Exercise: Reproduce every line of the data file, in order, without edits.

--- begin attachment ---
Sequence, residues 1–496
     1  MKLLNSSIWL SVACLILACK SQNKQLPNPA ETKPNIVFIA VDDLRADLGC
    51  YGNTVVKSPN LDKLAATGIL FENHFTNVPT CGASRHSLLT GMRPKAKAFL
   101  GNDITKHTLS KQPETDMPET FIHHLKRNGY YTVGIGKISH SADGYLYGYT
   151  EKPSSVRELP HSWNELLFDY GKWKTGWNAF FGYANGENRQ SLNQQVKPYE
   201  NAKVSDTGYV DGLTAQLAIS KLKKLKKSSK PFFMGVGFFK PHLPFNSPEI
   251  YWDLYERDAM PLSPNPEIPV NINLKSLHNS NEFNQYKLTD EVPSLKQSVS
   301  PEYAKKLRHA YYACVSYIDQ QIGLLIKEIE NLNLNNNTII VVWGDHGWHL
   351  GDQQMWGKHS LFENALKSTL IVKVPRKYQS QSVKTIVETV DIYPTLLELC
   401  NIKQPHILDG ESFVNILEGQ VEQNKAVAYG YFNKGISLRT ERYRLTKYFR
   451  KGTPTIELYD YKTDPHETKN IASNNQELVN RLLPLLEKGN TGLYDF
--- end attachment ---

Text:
Sequence, residues 1–496
     1  MKLLNSSIWL SVACLILACK SQNKQLPNPA ETKPNIVFIA VDDLRADLGC
    51  YGNTVVKSPN LDKLAATGIL FENHFTNVPT CGASRHSLLT GMRPKAKAFL
   101  GNDITKHTLS KQPETDMPET FIHHLKRNGY YTVGIGKISH SADGYLYGYT
   151  EKPSSVRELP HSWNELLFDY GKWKTGWNAF FGYANGENRQ SLNQQVKPYE
   201  NAKVSDTGYV DGLTAQLAIS KLKKLKKSSK PFFMGVGFFK PHLPFNSPEI
   251  YWDLYERDAM PLSPNPEIPV NINLKSLHNS NEFNQYKLTD EVPSLKQSVS
   301  PEYAKKLRHA YYACVSYIDQ QIGLLIKEIE NLNLNNNTII VVWGDHGWHL
   351  GDQQMWGKHS LFENALKSTL IVKVPRKYQS QSVKTIVETV DIYPTLLELC
   401  NIKQPHILDG ESFVNILEGQ VEQNKAVAYG YFNKGISLRT ERYRLTKYFR
   451  KGTPTIELYD YKTDPHETKN IASNNQELVN RLLPLLEKGN TGLYDF